Mapping the urban heat island in Houston, Texas

The Center for Multiscale Applied Sensing (CMAS; launched 32 Windsonds simultaneously in downtown Houston in an attempt to gain further insights on the 3D structure of the urban heat island.

“Typically, we launch giant weather balloons in open fields to measure temperature and humidity up to 24 miles in the sky. There isn’t sufficient space in cities for the giant balloons to rise without hitting obstacles, and they may rise through navigable airspace and disturb flight traffic. Instead, we tried to use miniaturized instruments that can be lifted by party balloons that don’t fly as high as weather balloons but fly high enough to capture data in the region of the atmosphere that impacts people the most.”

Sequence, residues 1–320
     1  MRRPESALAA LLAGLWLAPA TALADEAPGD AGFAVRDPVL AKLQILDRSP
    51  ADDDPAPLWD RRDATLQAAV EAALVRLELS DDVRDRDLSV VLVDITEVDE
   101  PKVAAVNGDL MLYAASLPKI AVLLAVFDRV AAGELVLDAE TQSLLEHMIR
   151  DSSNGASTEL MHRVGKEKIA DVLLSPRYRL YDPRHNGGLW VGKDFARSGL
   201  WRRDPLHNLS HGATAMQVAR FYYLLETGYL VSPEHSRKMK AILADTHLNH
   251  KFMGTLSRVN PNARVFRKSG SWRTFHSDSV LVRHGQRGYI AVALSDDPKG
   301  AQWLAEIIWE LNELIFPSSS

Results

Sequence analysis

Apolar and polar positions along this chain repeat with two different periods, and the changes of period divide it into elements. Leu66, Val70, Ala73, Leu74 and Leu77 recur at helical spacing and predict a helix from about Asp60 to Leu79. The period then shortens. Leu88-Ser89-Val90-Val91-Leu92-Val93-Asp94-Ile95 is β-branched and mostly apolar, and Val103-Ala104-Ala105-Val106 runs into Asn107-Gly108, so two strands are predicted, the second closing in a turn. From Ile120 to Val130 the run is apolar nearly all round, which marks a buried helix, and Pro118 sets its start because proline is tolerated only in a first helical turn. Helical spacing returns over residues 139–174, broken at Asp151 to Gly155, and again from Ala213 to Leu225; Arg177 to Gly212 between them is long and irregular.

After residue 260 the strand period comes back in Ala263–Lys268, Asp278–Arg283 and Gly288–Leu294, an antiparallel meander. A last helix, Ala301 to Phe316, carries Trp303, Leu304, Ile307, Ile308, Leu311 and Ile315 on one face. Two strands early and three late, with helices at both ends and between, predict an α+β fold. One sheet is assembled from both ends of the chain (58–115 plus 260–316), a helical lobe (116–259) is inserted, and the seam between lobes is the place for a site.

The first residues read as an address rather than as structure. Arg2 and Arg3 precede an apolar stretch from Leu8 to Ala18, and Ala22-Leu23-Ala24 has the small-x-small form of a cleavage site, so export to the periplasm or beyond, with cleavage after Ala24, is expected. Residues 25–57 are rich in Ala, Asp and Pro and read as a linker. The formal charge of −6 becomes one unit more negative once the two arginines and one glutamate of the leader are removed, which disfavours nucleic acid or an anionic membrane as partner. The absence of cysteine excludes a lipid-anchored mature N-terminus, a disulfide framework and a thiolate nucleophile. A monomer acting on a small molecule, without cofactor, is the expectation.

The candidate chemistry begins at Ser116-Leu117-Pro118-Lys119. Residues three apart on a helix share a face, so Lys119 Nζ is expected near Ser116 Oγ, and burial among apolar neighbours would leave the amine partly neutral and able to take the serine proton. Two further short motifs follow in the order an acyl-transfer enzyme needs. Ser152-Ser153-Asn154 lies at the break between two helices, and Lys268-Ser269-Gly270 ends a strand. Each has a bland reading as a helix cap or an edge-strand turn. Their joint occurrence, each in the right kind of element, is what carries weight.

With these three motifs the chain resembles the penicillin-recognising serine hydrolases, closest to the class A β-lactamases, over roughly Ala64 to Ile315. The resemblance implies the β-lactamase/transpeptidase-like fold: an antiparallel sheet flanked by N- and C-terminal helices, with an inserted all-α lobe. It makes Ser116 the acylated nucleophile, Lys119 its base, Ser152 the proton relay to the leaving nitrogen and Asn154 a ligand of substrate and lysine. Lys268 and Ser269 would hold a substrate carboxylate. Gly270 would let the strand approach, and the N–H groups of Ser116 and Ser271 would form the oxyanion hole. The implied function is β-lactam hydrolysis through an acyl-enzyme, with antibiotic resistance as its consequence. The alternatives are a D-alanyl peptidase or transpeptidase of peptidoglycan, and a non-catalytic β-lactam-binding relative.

– Katia Lamer, Director of operations and Assistant scientist, Center for Multiscale Applied Sensing

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